Feeds

IBM lines up blade, AIX updates

AIX 6, Power 6, Uh-ho, now I'm scared...

Protecting against web application threats using SSL

IBM will sprinkle more greenery around its big computing offerings this week as it launches long-awaited updates to AIX and its Power-based server line.

The new OS and chip duo will be complemented by virtualisation software that will slot into the vendor's server consolidation – and by definition eco-conscious - pitch.

Big Blue discussed the Unix products earlier this week. The first blades running Power 6 are scheduled to be unveiled today, though the vendor has already blabbed some of the details to us.

The dual core Power 6, built with strained silicon, features an integrated memory controller. The combined effect is, apparently, to slash power consumption. The vendor has previously claimed the platform offers double the speed of the previous generation of chips for the same power draw, with obvious implications for server and data centre design. Starting prices, with hard disk, should be around the $10,000 mark.

New blades won't be much good without a suitable OS, and IBM has slated Friday for general availability of AIX 6. It's been six years since the vendor completely overhauled its flavour of Unix, and the industry has changed a lot in that time. The new OS will still be compatible with previous IBM chip platforms.

IBM has already flagged up features like virtualisation and kernel updates without the need to reboot. Virtualisation and partition features will allow live apps to be shifted around physical servers. The big push this week will be on high availability and power management, which ties in nicely with the latest chip platform.

It also ties in with the expected launch of Advanced Power Virtualisation Enterprise Edition later this month. This should give IT managers the ability to shift whole partitions around physical servers live, without having to reboot their systems. Among other benefits, this should allow updating and maintenance of systems during working hours when IT staff are still wide awake, not claiming overtime, and don't need all the lights on.

While server consolidation and more sensible maintenance routines have always appealed to server managers, IBM can now pitch these as power saving and therefore "green" features as well.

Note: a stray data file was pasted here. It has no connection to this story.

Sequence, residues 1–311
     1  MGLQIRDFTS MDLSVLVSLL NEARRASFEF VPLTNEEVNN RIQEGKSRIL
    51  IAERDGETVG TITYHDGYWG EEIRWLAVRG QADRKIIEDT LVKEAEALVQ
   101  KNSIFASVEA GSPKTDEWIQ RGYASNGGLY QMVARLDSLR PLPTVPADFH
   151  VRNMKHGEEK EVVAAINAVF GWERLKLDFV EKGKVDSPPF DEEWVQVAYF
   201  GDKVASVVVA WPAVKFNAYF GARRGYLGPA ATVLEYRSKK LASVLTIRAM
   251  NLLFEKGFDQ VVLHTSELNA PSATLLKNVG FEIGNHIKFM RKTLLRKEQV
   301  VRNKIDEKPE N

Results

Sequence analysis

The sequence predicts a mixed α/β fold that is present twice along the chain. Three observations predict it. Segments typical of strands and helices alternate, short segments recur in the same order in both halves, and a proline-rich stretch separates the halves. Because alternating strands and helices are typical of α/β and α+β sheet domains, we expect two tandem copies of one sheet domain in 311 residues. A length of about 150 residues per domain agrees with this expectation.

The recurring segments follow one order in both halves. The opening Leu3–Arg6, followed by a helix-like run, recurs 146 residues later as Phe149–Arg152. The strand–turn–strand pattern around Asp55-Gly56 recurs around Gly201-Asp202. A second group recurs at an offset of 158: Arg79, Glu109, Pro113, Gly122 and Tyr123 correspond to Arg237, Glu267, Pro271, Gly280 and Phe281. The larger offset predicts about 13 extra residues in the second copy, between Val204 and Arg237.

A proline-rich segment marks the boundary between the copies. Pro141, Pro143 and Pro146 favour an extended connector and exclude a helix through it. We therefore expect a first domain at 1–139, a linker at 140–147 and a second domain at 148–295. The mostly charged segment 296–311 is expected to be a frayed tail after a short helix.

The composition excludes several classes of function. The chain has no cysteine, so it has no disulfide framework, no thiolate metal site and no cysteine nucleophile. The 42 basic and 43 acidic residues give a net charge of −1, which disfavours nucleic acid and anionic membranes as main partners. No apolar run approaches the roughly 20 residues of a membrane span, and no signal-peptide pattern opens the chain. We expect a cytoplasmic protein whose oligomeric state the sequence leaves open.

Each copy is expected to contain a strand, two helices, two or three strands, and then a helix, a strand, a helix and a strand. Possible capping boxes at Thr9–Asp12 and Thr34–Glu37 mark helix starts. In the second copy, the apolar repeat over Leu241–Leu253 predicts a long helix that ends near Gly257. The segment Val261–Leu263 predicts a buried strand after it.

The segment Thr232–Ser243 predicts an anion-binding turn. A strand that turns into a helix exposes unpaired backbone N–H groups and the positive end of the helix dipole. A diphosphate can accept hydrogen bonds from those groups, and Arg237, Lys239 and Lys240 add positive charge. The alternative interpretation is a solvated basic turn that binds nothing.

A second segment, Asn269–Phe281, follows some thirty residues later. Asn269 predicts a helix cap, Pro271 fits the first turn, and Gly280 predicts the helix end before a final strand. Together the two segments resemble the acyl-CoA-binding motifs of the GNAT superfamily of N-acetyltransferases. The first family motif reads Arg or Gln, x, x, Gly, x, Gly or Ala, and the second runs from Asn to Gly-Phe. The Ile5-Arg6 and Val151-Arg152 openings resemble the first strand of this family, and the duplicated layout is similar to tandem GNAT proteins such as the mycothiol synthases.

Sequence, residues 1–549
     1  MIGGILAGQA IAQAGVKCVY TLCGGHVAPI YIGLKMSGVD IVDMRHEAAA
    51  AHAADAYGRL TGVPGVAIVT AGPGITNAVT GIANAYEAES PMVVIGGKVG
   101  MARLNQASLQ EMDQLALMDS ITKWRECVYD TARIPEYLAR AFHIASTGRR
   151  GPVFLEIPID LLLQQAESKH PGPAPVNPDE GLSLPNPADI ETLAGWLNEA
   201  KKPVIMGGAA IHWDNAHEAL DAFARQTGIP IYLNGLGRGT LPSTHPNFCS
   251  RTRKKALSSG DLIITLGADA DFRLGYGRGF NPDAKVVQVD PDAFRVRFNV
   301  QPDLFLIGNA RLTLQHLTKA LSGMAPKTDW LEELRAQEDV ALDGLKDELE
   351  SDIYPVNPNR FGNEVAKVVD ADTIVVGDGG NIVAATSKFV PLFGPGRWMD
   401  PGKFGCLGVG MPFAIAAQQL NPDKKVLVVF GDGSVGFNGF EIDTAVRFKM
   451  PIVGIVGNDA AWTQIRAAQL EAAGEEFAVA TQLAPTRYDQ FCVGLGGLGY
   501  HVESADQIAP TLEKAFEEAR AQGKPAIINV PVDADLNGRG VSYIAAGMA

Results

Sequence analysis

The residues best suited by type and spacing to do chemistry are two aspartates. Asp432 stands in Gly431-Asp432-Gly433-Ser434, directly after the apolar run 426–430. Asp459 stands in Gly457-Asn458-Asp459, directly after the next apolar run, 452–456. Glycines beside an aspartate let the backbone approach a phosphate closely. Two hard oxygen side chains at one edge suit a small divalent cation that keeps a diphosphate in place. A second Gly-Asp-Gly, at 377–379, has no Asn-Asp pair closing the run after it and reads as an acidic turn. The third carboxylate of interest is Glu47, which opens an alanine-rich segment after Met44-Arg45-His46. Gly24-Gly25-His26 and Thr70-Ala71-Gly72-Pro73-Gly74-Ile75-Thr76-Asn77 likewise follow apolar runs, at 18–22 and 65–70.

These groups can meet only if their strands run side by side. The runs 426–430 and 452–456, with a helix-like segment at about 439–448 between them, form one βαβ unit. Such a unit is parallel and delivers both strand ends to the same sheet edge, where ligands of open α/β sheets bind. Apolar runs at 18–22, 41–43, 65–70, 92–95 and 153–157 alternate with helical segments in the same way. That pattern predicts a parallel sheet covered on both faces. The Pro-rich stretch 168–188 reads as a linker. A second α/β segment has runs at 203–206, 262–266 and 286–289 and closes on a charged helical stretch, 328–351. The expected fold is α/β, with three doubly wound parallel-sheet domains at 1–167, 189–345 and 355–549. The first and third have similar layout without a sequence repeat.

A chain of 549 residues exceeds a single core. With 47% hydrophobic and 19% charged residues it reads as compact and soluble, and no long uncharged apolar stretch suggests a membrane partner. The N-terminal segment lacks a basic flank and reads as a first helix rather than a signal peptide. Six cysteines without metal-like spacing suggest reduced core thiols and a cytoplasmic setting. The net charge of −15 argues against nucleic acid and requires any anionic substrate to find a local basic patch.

Last week, the vendor said it would offer data centres greenness certificates – overseen by a third party, of course - if they show they've reduced their power consumption. Now, what advice might IBM's green gurus offer any data centre manager looking to lower his power consumption. ®

Choosing a cloud hosting partner with confidence

More from The Register

next story
Wanna keep your data for 1,000 YEARS? No? Hard luck, HDS wants you to anyway
Combine Blu-ray and M-DISC and you get this monster
US boffins demo 'twisted radio' mux
OAM takes wireless signals to 32 Gbps
Google+ GOING, GOING ... ? Newbie Gmailers no longer forced into mandatory ID slurp
Mountain View distances itself from lame 'network thingy'
Apple flops out 2FA for iCloud in bid to stop future nude selfie leaks
Millions of 4chan users howl with laughter as Cupertino slams stable door
Students playing with impressive racks? Yes, it's cluster comp time
The most comprehensive coverage the world has ever seen. Ever
Run little spreadsheet, run! IBM's Watson is coming to gobble you up
Big Blue's big super's big appetite for big data in big clouds for big analytics
Seagate's triple-headed Cerberus could SAVE the DISK WORLD
... and possibly bring us even more HAMR time. Yay!
prev story

Whitepapers

Secure remote control for conventional and virtual desktops
Balancing user privacy and privileged access, in accordance with compliance frameworks and legislation. Evaluating any potential remote control choice.
WIN a very cool portable ZX Spectrum
Win a one-off portable Spectrum built by legendary hardware hacker Ben Heck
Storage capacity and performance optimization at Mizuno USA
Mizuno USA turn to Tegile storage technology to solve both their SAN and backup issues.
High Performance for All
While HPC is not new, it has traditionally been seen as a specialist area – is it now geared up to meet more mainstream requirements?
The next step in data security
With recent increased privacy concerns and computers becoming more powerful, the chance of hackers being able to crack smaller-sized RSA keys increases.